Tina McDermott lays her 9-year-old son Ryan down flat on the living room floor and places her leg on his chest.
His arms stiffen and his eyes gaze blankly out to one side while his mother mixes a cocktail of PediaSure, three pharmaceutical drugs and a few drops of cannabis oil.
“Wait a sec,” she says. “He’s still tight.”
He has a seizure as the cocktail flows through a tube straight into his abdomen. After a few seconds, his body loosens back up.
Then his mother scoops the 45-pound child and cradles him on the couch.
“This is what we do,” says the Davenport mother of six, her eyes wide with anxiety.
She has every hope cannabis oil will eliminate her son’s seizures and she can eventually ween him off pharmaceuticals.
Ryan is one of a handful of children participating in a clinical trial at University Hospitals, Iowa City. After a 12-week double blind study over the summer, he started on Aug. 26 taking Epidiolex, a purified cannabidiol, or CBD, created by GW Pharmaceuticals, based in the United Kingdom.
Diagnosed as a toddler with Dravet syndrome, Ryan was practically dealt a life sentence of intellectual disabilities and daily seizures. He’s been on 17 different anti-seizure medications.
Since being on the oil, each new seizure gives his mother pause.
Within the hour of getting his breakfast last Tuesday, he has three more seizures, each lasting a few seconds.
The day before, he suffered what his mother says was a “grand mal” seizure — the worst kind, where he can lose consciousness as his muscles violently contract. That kind of seizure, which can be stopped only by a heavy dose of Valium, wipes him out for the rest of the day.
“He had a rough day yesterday,” she says.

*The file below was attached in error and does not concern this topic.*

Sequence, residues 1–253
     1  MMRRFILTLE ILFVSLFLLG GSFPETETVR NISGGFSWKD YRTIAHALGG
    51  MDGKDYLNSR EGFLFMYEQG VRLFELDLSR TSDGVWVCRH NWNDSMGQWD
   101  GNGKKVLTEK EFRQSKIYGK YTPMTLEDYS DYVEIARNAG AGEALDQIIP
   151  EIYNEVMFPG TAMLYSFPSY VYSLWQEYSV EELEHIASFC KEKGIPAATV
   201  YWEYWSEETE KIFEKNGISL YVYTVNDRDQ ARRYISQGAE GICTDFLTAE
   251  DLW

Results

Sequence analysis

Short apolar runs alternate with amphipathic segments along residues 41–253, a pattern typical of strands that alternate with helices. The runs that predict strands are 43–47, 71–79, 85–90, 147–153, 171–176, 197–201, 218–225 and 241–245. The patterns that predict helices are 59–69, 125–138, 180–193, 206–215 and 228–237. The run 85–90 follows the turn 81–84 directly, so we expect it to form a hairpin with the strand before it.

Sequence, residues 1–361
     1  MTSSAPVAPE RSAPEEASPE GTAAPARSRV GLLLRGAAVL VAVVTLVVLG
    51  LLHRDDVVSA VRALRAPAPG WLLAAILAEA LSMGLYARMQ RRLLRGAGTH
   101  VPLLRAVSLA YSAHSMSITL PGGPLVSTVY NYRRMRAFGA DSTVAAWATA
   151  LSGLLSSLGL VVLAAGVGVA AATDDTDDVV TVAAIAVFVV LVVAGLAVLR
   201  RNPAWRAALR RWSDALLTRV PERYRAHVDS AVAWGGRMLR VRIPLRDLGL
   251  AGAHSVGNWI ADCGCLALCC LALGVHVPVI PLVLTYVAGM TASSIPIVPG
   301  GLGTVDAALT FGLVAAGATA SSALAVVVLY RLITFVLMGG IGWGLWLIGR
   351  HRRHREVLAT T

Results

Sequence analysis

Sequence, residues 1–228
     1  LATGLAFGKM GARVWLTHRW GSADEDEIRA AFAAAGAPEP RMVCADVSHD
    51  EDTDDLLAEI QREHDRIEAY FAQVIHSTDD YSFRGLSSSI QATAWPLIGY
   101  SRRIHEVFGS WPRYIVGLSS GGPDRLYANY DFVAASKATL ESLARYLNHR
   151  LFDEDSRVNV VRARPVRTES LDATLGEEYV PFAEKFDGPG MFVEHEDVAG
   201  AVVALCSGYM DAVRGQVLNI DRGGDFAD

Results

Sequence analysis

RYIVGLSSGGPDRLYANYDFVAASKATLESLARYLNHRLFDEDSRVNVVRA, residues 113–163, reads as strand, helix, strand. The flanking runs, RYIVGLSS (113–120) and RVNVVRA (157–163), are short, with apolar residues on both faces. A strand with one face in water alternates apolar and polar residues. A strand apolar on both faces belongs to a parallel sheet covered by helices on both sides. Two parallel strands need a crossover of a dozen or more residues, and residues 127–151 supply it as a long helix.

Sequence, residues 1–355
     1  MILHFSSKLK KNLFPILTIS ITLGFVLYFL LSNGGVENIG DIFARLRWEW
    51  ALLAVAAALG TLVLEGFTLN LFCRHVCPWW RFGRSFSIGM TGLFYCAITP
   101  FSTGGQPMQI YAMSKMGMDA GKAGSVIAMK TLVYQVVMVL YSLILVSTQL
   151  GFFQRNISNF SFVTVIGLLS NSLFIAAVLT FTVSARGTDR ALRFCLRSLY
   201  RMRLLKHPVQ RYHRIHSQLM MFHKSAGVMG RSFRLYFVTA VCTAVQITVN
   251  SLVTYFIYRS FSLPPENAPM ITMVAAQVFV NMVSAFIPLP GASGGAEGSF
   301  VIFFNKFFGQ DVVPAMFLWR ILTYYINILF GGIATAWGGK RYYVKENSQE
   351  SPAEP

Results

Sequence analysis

McDermott has not seen a grand mal seizure since before her son started taking the cannabis oil.
She wonders what is going on behind Ryan’s sparkling, smiling eyes.
“You’re in there. I know it,” she says to him.
For someone who has never spoken a word in his life, Ryan sure says a lot.
A few days earlier, with his favorite show SpongeBob SquarePants on TV and his favorite Grinch toy tucked under his arm, the boy bounces around on the floor, squealing with delight.
But nothing tickles his heart more than the sound of his older brother Jake’s voice on the other end of the phone line.
McDermott puts the phone up to her son’s ear.
“What’s up, buddy?” Jake is heard saying.
Then Jake pretends to cough, which always makes Ryan laugh.
The boy flashes the widest grin at his visiting nurse, Jami Witbeck, as she stomps over to the couch and smothers him with kisses.
And Ryan gets all wiggly whenever his brother’s girlfriend comes for a visit. He is quite the ladies’ man, his mother says.
McDermott dreams of the day when more of her son’s personality can come alive, that for once he could finally utter the word “mama.”
She’s sticking with the cannabis oil for now.
Oil shows promise
Earlier this year, the American Academy of Neurology released results of another GW Pharmaceuticals-sponsored study involving 213 people with severe forms of epilepsy, including Dravet syndrome and Lennox-Gastaut syndrome, or LGS.
Unlike the double-blind study Ryan was in, participants knew from the start they were receiving cannabidiol. For the 137 people who completed the 12-week study, the number of seizures decreased by an average of 54 percent, the academy reported.
For the Dravet patients, the number of convulsive seizures had gone down by 53 percent by the end of the study. For those with LGS, there was a 55 percent reduction in the number of atonic seizures.
Side effects that occurred in more than 10 percent of participants included drowsiness (21 percent), diarrhea (17 percent), tiredness (17 percent) and decreased appetite (16 percent), the academy reported.
Six percent of participants dropped out of the study because of the side effects.
The study’s author Orrin Devinsky, MD, of New York University Langone Comprehensive Epilepsy Center, wrote in the academy’s report that the results looked promising.
“These results are of great interest, especially for the children and their parents who have been searching for an answer for these debilitating seizures,” Devinsky wrote.
Cannabidiol, which GW Pharmaceuticals is marketing as Epidiolex, is a component of marijuana that does not include the psychoactive part of the plant that creates a “high.”
The open-label study was designed to determine whether the drug was safe and tolerated well.
Ryan McDermott and a handful of other Iowa children were picked to participate in the next study.